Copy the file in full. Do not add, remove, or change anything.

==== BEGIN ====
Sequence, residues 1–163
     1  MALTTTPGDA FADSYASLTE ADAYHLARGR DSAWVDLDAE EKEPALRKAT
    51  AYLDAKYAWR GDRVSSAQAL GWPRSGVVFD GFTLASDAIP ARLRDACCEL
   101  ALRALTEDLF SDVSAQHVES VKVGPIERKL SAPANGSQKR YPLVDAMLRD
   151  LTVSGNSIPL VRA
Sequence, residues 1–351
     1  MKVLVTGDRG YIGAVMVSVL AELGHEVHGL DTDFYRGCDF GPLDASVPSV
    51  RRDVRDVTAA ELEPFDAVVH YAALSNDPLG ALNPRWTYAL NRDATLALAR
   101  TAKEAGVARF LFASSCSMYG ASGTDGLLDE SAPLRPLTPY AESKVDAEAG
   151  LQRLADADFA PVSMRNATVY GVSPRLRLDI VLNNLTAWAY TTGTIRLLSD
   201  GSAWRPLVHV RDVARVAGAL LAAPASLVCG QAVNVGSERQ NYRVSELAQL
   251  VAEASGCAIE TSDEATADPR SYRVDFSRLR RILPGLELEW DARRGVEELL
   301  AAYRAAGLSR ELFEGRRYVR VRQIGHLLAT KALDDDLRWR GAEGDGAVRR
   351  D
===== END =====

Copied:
Sequence, residues 1–163
     1  MALTTTPGDA FADSYASLTE ADAYHLARGR DSAWVDLDAE EKEPALRKAT
    51  AYLDAKYAWR GDRVSSAQAL GWPRSGVVFD GFTLASDAIP ARLRDACCEL
   101  ALRALTEDLF SDVSAQHVES VKVGPIERKL SAPANGSQKR YPLVDAMLRD
   151  LTVSGNSIPL VRA
Sequence, residues 1–351
     1  MKVLVTGDRG YIGAVMVSVL AELGHEVHGL DTDFYRGCDF GPLDASVPSV
    51  RRDVRDVTAA ELEPFDAVVH YAALSNDPLG ALNPRWTYAL NRDATLALAR
   101  TAKEAGVARF LFASSCSMYG ASGTDGLLDE SAPLRPLTPY AESKVDAEAG
   151  LQRLADADFA PVSMRNATVY GVSPRLRLDI VLNNLTAWAY TTGTIRLLSD
   201  GSAWRPLVHV RDVARVAGAL LAAPASLVCG QAVNVGSERQ NYRVSELAQL
   251  VAEASGCAIE TSDEATADPR SYRVDFSRLR RILPGLELEW DARRGVEELL
   301  AAYRAAGLSR ELFEGRRYVR VRQIGHLLAT KALDDDLRWR GAEGDGAVRR
   351  D